The London House by Katherine Reay — Book Review

From the desk of Syrie James

I love historical fiction, women’s fiction, and novels with multiple timelines. It’s a challenging structure for an author, however, since it requires the creation of two or more protagonists who live in different eras, and separate stories that are not only equally weighted, well-structured, and compelling, but must be woven together in a meaningful and impactful way. Katherine Reay tackles all that and more in her new novel The London House.

In present day Boston, Caroline Waite, a law school dropout who’s still grieving for the sister she lost in childhood, gets unexpected news about a wealthy English aunt for whom she was named. It turns out Aunt Caro didn’t die in childhood, as Caroline had been told; she was apparently a traitor who disappeared with a Nazi lover in WWII. This blemish on the Waite family name has haunted Caroline’s father and his entire side of the family ever since.

Determined to get to the bottom of the story, Caroline flies to England and stays at the family’s lovely, ancestral London townhouse, which has trunks in the attic full of letters and diaries left by Aunt Caro and her twin sister, Margo. With the help of an old friend, Mat, who’s writing an article on the subject, Caroline delves into the family history, peeling back one layer at a time, revealing the complex relationship between Caro and her twin, the secrets they both kept from each other, and the impact of those secrets on their lives.

As Caroline researches the past, she deals with issues of her own in the present: a law degree she abandoned to help her aging feather, guilt over the death of her sister, her disconnect with her parents and brother, regret over the way her relationship with Mat ended in college, and her burgeoning feelings for him today.

The story in the present is seamlessly interwoven with the past through diary entries, letters, and a few official documents. Caro and Margo’s childhood years in the English countryside set the stage for the drama that follows as we’re taken to London, Paris, and the Nazi occupation of France. The book is jam-packed with intriguing, well-researched bits about WWII and the pre-war years, my favorite part being the descriptions of Caro’s tenure at Maison Schiaparelli, an haute couture fashion design studio in Paris. (I had to stop and immediately Google The Lobster Dress.)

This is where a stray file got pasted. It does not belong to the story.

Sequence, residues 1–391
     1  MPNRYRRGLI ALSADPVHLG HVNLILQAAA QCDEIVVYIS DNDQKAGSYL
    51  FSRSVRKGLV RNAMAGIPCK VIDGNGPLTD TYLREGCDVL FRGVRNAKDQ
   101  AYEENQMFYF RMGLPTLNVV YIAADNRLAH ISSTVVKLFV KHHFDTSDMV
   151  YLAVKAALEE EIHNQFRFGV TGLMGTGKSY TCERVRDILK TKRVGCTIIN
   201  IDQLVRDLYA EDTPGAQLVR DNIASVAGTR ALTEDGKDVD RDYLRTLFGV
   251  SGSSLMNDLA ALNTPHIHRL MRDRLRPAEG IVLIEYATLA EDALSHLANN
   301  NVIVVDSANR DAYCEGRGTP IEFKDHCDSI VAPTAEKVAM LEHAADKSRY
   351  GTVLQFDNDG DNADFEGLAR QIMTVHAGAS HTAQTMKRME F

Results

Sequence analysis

I only had two minor quibbles with the novel. The story was hard to follow at first because so many characters and facts were thrown at the reader right off the bat. Once Caroline got to London, though, it was smooth sailing and very engaging. I think the Waite family should have made peace with their grief and anger over Aunt Caro’s defection by now and moved on—it all happened so long ago. However, these things didn’t detract from my enjoyment of this fascinating story.

Expertly researched and perfectly paced, The London House is a remarkable novel about love, loss, sacrifice, the healing aspects of truth, and the way history—and secrets—can impact a family and ultimately change its future. With its beautifully drawn characters, compelling present-day story, exciting twists and turns, and evocative diaries and letters from the past, Katherine Reay paints a vivid picture that pulled me in with every page, desperate to know what would happen next. I loved it!

  • Title: The London House: A Novel
  • Author: Katherine Reay
  • Genre: Historical Fiction, Women’s Fiction
  • Publisher: Harper Muse (November 2, 2021)
  • Length: (368) pages
  • Format: Trade paperback, eBook, & audiobook

Katherine Reay is the national bestselling and award-winning author of several novels, including Dear Mr. Knightley and The Printed Letter Bookshop, and one full length non-fiction work. Her first historical fiction novel, The London House, releases 11/02/2021. Katherine holds a BA and MS from Northwestern University and is a wife, mother, rehabbing runner, former marketer, and avid chocolate consumer. She lives outside Chicago, IL.

You can meet her at or on Facebook: KatherineReayBooks, Twitter: @katherine_reay or Instagram: @katherinereay.

PURCHASE LINKS available at Katherine’s website:



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